Thursday, June 17, 2010

Comic Books Baby...

Ramblings Post #106
I like those things I like. I will not apologize for them. Well, not for the ones that aren't illegal (in which case I don't know what you're talking about). And what I've done as I've grown older, is learn to cultivate pleasure in small things. A good book. A quiet moment. Nudity. Those things that either cost little or nothing but enrich life and make the world a little sweeter. Because you never know when you'll be broke. Especially in this economy.

I love comic books. I have loved and read comic books since I was ten years old or so, when I bought my first one and was hooked. I used to have to hide them, as my mother - who was a school teacher and encouraged reading - was distraught over the clutter my continuing purchases would bring. At work I would slip down the block and half to this spot called the News Stand where they sold papers, comics and used books. It was there that my passion for reading blossomed, as comics were still fifty cents and I could buy books for $2.

I've always really been more Marvel than DC, with the exception of Batman. (Batman is just too damn cool) It always to me seemed like DC characters lived a little too far into a fantasy world, where nobody recognized superman when his only disguise was a pair of glasses. I remember one issue where Spiderman came home to an empty fridge, or where they had a duo who called themselves "Heroes for Hire". They just seemed a little more grounded.

I stopped reading X-men and Spiderman and the like when you realized you'd grown up by the characters were still and always would be 20 years old and ridiculously in shape. That and you had to buy all the various incarnations of Amazing, Web of, Spectacular, Pick another adjective Spidey and X-Force, Uncanny, New Mutants, or X-something else cool to keep up with the story lines. Even as the story lines got more mature, and alluding to things like racism and murder, I kind of drifted away. Well, not all the way away, if the art is good I'll still pick up a book.

For example, after reading Howard Chaykin's venerable American Flagg series, which involved a dystopian future, black market basketball, and politics so dirty you couldn't scrub them clean with steel wool, I found that good art is the key to getting me reading. I'll still read anything I can find by Chaykin, even though his hero always seems to look the same no matter the title.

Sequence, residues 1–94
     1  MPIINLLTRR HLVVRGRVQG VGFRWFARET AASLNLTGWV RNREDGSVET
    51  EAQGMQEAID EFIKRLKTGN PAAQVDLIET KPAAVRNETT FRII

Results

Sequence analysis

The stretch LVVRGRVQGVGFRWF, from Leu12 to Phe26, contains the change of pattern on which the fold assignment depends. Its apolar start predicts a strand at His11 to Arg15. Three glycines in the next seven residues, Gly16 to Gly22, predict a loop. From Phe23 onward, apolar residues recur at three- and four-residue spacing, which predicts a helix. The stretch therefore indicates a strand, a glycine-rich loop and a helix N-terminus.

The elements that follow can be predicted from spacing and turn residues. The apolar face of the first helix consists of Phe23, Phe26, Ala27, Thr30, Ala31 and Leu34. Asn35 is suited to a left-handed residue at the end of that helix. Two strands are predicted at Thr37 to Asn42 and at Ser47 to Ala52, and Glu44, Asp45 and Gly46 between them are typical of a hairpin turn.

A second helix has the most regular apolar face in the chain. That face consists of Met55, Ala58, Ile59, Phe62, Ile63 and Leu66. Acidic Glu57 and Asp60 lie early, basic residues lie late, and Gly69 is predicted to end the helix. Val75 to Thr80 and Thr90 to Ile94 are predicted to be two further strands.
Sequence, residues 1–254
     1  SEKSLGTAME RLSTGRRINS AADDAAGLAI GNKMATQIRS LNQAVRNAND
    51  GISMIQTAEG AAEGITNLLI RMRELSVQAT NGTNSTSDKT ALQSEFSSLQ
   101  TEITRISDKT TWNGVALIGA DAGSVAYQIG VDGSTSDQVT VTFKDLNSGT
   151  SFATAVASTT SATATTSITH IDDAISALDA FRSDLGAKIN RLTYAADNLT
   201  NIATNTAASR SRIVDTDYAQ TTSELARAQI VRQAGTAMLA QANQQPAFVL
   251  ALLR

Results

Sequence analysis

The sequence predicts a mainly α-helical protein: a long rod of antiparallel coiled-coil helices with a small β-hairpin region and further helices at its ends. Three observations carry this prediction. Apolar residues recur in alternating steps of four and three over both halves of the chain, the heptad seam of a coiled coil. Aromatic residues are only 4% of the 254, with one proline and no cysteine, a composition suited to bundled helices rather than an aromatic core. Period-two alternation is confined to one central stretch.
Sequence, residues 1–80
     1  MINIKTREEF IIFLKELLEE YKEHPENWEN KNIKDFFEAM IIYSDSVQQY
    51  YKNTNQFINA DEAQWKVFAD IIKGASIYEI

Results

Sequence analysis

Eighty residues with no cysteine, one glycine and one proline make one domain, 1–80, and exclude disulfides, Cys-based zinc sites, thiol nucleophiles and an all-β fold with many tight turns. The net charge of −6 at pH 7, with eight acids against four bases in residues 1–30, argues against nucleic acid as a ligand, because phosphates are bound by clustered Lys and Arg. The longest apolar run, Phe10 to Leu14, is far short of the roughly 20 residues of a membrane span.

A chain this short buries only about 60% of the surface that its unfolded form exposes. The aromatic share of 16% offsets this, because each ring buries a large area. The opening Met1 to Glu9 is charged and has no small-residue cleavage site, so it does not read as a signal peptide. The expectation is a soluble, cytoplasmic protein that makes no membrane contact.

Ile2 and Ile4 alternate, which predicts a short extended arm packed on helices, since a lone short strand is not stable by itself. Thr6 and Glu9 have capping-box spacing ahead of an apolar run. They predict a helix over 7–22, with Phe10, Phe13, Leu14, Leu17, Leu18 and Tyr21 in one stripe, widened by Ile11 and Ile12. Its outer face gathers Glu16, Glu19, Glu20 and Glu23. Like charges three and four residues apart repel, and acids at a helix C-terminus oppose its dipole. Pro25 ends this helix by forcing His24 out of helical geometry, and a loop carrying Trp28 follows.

Currently I'm reading Phil Foglio's Girl Genius, a deep and richly textured alternate earth gas light adventure, which has to be on what would normally be issue 55 or so. The characters have depth, there is a back story out of this world. And if you're halfway interested, the whole thing is online for FREE!! That said, I went out and bought the books he sells so he can pay the rent.
(NOTE TO RECORD INDUSTRY: See you can give the stuff away and people will still pay for it anyway. If it's good. Oh, wait, that if it's good applies, so never mind.)

I also just got into another online series, Spacetrawler, which a kooky little tale about ordinary people picked to save the universe, or something, who aren't quite ordinary. Unlike the usual assortment of brave souls, you've got your wackos, vegans, and pacifists all having to work out something. Throw in a perv, a man I can only describe as an paranoid nut and Russian tea cookies and suddenly you've got a story that so far actually has teeth.

On actual paper, a new title that picked up on a whim is Chew, another alternate earth story where due to the bird flu chickens are outlawed, and so the FDA becomes the most powerful police force in the country as it tracks down black market chicken. No joke. I sounds stupid, I know, but the lead is a guy who for whatever he eats (besides beets) can see its complete history. Which is a surprisingly useful tool. I picked up the first two issues because I thought it would be cheesy, but I'm now a fan.

My latest find is King City, by a guy named Brandon Graham. He reminds me a bit of Sergio Aragones, the infamous Groo artist who, if drawing a group of 100 soldiers would take the time to draw 100 different faces and expressions. King City's art is so dense you know some of the images you know are just throwaways, but the attention to detail is just cool. Even better, the story is engaging, but reads like a story should with no wasted exposition.

I love a good read.

Barkeep, let me get a nice tall whiskey and ginger.

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